March 24, 2011

Lifting Spirits

We noticed that we've been getting kind of down on this blog. So, we decided to focus on the positive side of coming back to the US. We originally made the decision to leave Chile for two reasons - 1) For Joshua to be closer to his extended family and 2) for Anna to be able to study. We've decided that Anna will apply to FSU's Art Therapy master's program next year. And, here are some of Joshua's USA highlights over the last two months:

David's family threw Joshua an Elmo birthday party, even though his birthday was in June. He didn't seem to notice that it was out of season.

We all met Joshua's cousin Caden for the first time. Here, the two cousins are enjoying Granddad time.

Sometimes, Joshua even gets to enjoy time with the grandparents all by himself. He really likes reading books with Grandma D.

Our little family took a trip to LA for "re-entry" with the Columbans. Re-entry is a couple of days, guided by an experienced missionary, where the returning missionaries are able to reflect on their experiences, on how the home country has changed and on future decisions. We really needed the time to look back on our experience and put it into perspective, as we shift focus in our lives. Plus, we got to see Hollywood!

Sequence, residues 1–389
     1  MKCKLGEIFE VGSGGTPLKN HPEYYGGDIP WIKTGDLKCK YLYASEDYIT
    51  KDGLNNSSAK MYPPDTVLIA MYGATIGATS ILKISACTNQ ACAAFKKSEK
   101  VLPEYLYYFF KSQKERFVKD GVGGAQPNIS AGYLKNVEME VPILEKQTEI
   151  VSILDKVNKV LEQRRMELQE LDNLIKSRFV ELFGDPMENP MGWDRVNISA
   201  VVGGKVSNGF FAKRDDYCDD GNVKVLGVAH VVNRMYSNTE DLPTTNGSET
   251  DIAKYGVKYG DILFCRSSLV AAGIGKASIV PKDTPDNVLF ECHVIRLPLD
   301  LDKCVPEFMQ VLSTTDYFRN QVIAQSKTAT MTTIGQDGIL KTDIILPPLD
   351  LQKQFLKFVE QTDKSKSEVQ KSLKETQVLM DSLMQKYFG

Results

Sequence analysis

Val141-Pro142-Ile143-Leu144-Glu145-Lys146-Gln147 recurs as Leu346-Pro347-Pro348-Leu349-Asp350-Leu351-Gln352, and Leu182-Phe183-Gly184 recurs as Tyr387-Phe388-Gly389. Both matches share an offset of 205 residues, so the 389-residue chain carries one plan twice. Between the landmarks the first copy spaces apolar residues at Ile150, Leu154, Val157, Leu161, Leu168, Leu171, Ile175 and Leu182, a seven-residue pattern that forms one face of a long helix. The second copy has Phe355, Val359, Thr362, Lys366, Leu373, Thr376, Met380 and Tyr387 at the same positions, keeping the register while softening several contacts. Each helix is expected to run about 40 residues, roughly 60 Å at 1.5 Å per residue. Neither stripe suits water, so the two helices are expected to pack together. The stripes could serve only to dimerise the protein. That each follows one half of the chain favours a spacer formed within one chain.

David introduces Joshua to one of his comedic idols - Adam Sandler.

Joshua checks out the star of Don Fransisco - arguably the most famous Chilean in the world. For non-latinos, he hosts the tremendously popular "Sabados Gigante" program, airing out of Miami.

Here is proof that Joshua witnessed one of the last shuttle launches ever. Afterwards, he told us that he wanted to go, "up, up, up, to the luna" too.

March 18, 2011

So, we guess this is it...

... the end. It was St. Patrick's Day today - a pretty important date in the Columban world. As we donned our green this morning, we thought of our Columban friends in Chile. They would be preparing for the big dinner at the Center House in Santiago. We also thought of our friends back at our old parishes. Many of them would also be celebrating. While not Irish, they have appropriated the festivities in order to accompany the many Irish missionaries who have shared with them over the years. Today, more than any of the days since we've been back, has been a sad day.